Include queer/feminist perspectives, utilize them in the critique of power, and form civil society partnerships to combat discrimination and exclusion as well as to confront hate online.
“Solidarity is our weapon”: through this slogan, which originates in the context of social movements, several goals and focuses become clear. Solidarity as a basis for social coexistence, encompassing inclusivity and mutual respect, should be the central perspective of our societies – and thus also of internet governance. Solidarity means perceiving diverse social and individual positionings and providing approaches that can work against discrimination, exclusion, and hate. Queer/feminist positions in particular point to this on both a theoretical and a practical level.
Like any area of society, internet governance always has a feminist aspect in which feminism is not monothematic but intersectional. This in turn enables the productive expansion of internet political discourses and calls for more justice at various levels. As the central concerns of internet governance, inclusiveness and solidarity require a confrontation with power structures and power relationships that is effective on many levels. From this perspective, the concentration of power, as reflected in structures, technologies, and actions as well as in norms and discourses, can be taken into consideration, reinterpreted, and changed.
This can be illustrated by the example of hate speech. Such speech acts hurt certain (especially marginalized) groups in particular due to their genders, races and bodies. Only by examining the societal structures of power and inequality that they help to produce and the social discourses that provide their breeding ground can their complexity be grasped. Therefore it is also necessary not to leave the assessment of such speech acts only to corporations such as Facebook or YouTube, but to find civil-society and political solutions to form alliances and to intervene in social discourses.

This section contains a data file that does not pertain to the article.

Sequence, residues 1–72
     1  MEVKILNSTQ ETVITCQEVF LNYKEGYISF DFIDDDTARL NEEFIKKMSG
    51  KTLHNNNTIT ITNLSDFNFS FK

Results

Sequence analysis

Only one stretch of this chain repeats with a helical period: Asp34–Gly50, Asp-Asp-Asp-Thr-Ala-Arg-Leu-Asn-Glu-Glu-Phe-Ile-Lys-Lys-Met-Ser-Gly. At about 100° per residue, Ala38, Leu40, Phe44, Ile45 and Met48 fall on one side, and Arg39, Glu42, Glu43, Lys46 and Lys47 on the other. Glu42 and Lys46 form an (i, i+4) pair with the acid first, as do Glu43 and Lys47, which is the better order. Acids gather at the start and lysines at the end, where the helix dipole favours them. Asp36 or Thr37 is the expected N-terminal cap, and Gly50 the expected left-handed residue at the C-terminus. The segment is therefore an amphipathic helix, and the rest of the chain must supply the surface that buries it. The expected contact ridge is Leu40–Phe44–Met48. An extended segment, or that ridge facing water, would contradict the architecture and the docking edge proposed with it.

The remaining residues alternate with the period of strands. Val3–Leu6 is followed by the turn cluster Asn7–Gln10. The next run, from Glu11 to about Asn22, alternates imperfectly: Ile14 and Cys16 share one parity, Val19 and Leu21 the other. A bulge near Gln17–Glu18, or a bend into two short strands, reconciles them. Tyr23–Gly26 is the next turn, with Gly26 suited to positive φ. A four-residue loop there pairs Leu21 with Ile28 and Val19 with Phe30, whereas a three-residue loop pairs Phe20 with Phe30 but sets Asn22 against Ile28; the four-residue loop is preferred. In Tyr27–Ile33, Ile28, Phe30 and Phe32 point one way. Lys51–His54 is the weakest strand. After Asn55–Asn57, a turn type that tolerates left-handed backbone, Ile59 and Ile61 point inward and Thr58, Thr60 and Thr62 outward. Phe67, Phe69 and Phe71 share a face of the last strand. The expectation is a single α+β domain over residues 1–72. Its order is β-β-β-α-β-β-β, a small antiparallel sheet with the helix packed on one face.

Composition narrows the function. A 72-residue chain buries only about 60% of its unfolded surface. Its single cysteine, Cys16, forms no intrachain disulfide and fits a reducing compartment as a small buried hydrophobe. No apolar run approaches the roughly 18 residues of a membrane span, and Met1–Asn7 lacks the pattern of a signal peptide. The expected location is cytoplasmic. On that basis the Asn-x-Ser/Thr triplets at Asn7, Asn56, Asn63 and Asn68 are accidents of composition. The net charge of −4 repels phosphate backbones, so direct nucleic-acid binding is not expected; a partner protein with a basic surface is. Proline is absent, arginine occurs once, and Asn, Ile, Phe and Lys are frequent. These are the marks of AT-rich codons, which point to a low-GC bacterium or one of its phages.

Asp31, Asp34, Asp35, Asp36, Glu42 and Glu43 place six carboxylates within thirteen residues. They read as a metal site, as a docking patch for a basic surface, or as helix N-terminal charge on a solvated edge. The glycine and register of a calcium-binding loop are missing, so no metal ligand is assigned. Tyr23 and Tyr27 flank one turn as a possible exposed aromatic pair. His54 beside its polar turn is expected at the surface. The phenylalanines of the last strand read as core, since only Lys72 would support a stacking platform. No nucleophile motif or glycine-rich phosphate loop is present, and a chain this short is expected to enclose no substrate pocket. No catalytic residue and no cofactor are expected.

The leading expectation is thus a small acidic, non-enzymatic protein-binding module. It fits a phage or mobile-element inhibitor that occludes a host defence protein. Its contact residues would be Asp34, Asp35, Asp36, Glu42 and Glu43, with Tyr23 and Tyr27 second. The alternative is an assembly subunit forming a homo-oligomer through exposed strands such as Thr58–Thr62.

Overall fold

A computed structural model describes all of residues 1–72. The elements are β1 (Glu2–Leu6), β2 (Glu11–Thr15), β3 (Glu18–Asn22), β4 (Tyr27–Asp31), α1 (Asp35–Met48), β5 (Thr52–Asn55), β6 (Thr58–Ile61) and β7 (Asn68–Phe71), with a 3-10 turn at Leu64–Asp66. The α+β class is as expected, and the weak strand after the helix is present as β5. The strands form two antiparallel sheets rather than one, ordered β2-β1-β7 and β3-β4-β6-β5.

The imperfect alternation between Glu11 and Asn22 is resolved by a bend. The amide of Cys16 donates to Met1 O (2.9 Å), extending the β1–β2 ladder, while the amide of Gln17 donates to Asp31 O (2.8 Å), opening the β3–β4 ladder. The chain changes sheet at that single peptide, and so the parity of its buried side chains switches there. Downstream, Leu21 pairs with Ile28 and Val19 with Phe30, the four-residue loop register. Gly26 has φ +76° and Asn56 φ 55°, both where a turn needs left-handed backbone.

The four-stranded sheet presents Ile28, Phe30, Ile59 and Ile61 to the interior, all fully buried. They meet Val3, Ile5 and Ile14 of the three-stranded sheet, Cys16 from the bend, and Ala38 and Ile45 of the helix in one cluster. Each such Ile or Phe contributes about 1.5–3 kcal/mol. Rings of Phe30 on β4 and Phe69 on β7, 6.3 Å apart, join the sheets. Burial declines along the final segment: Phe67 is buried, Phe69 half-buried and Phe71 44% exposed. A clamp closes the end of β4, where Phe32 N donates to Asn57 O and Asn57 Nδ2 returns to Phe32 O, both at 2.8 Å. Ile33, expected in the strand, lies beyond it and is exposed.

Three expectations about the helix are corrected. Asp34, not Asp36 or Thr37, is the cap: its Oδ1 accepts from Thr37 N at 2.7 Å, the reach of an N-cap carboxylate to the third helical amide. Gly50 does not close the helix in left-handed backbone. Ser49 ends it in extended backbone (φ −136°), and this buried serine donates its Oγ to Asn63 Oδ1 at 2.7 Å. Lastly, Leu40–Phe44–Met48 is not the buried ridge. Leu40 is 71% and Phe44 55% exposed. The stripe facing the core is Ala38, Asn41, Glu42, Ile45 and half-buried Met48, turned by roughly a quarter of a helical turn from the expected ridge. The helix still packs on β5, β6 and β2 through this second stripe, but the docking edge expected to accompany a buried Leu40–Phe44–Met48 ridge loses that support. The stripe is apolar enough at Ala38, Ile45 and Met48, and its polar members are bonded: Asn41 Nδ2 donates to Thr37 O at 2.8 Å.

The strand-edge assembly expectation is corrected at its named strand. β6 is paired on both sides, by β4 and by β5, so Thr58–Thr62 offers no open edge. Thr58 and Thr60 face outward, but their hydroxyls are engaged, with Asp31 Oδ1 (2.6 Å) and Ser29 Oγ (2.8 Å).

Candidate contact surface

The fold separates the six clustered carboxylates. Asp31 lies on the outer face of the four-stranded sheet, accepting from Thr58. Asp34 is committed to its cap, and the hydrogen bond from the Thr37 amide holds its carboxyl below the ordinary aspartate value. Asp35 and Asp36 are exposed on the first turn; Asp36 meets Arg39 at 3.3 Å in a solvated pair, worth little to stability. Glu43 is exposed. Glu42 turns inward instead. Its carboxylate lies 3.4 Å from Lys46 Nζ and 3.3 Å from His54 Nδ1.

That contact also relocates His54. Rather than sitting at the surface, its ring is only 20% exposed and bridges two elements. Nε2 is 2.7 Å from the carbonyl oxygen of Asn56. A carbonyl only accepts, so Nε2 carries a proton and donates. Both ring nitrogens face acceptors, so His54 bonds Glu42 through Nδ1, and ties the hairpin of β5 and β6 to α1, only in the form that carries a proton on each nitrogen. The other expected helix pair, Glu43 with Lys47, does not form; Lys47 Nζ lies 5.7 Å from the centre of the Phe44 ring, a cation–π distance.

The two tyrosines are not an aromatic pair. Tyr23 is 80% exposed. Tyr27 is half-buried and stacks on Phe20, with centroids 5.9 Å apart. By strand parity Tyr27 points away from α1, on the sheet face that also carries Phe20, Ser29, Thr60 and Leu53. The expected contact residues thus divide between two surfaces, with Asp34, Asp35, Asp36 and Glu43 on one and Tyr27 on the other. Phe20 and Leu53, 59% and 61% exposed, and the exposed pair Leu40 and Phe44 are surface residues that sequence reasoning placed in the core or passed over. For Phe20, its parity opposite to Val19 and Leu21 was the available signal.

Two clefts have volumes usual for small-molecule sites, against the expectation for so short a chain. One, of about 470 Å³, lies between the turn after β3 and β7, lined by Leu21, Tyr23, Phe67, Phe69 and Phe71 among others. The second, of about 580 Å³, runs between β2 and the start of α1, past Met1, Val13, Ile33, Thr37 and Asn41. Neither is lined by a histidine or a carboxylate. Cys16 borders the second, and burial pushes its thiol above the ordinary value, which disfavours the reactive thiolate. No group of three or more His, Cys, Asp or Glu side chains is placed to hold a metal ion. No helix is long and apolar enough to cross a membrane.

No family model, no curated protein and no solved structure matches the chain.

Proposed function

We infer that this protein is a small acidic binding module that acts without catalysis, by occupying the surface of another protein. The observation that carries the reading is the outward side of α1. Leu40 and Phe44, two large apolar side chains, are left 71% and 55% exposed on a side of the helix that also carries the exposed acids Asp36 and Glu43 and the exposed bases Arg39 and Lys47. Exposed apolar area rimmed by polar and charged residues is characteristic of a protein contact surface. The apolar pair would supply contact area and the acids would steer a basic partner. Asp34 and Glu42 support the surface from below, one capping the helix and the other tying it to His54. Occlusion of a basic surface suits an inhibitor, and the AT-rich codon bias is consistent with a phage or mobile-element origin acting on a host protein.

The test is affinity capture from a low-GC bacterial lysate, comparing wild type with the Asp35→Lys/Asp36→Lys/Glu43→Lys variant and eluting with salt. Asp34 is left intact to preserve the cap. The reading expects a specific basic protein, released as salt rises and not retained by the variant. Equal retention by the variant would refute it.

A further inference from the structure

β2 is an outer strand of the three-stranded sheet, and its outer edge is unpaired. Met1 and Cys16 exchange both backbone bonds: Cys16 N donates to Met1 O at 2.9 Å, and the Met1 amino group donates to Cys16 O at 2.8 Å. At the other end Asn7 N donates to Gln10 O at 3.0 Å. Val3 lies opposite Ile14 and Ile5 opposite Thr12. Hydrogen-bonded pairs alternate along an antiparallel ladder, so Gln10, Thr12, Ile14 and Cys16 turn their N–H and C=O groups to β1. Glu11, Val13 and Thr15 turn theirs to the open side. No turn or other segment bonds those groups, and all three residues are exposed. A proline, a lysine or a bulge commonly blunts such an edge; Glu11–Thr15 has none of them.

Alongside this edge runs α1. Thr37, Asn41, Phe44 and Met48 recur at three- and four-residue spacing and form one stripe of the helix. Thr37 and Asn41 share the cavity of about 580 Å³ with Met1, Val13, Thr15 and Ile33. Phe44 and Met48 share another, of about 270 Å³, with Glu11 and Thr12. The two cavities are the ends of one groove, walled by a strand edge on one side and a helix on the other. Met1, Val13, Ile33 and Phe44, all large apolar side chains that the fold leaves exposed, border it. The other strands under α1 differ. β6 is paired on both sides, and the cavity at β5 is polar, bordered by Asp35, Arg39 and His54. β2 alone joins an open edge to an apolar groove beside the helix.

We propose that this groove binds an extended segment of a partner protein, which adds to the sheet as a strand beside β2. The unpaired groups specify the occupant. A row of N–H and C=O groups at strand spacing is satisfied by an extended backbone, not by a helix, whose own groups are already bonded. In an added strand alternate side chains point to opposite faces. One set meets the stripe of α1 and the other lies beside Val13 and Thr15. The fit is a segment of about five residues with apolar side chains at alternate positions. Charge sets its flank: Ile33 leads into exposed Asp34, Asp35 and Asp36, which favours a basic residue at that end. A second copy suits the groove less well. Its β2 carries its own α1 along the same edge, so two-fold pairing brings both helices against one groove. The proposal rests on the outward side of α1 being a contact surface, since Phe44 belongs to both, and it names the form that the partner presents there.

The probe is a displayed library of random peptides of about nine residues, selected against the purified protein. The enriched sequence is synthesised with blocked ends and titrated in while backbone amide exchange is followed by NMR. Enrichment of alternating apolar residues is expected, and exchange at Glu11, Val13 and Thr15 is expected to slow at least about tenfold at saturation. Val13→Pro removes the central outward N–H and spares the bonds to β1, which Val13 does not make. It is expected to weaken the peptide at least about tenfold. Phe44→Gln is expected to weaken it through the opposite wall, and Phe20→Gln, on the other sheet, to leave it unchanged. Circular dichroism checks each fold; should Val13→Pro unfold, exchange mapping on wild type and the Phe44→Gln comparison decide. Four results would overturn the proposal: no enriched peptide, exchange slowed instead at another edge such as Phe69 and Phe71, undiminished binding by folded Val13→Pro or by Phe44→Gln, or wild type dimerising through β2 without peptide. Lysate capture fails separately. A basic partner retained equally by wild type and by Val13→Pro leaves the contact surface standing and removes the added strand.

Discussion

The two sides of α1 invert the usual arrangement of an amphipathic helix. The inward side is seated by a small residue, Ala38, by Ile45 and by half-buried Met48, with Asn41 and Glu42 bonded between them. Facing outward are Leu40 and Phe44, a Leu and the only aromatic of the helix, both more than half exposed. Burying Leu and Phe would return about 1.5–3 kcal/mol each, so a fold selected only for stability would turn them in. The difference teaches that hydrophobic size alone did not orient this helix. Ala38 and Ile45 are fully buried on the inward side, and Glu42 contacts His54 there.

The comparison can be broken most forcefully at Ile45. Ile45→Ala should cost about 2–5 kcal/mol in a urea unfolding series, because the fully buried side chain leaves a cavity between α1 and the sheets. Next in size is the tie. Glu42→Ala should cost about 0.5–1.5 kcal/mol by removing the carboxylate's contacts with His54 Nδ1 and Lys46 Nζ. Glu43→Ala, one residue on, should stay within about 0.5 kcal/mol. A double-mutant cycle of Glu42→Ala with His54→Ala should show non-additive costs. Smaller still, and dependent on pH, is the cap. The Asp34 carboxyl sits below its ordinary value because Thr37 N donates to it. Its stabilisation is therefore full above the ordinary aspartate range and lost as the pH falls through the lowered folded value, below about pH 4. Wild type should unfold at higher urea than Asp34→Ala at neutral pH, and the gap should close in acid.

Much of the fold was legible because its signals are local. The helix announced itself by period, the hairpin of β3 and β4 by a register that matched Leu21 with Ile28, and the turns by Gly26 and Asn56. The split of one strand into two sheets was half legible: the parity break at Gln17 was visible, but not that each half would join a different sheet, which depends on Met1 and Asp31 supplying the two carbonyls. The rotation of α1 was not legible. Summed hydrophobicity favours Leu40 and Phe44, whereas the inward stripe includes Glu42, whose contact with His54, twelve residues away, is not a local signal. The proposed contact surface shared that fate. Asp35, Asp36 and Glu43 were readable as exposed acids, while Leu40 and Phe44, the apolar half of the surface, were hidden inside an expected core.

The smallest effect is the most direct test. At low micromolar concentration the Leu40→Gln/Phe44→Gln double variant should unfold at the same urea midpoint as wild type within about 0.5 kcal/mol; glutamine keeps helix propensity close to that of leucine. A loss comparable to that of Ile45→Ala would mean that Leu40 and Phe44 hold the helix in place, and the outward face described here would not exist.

Queer/feminist movements and actors in particular have repeatedly pointed out that while hate speech has found additional forms of expression through digital media, the linguistic patterns still correspond to traditional anti-gender and sexist narratives. Especially in view of the current backlash, it remains important not to lose heart, and instead to unite even more closely against these tendencies and show solidarity inclusive of the consideration of our own diverse perspectives. It is from alliances, from critiques of power, and from solidarity that agency can emerge.
This article was first published (12th November 2019) online via hiig.de and is part of the publication "Critical Voices, Visions and Vectors for Internet Governance".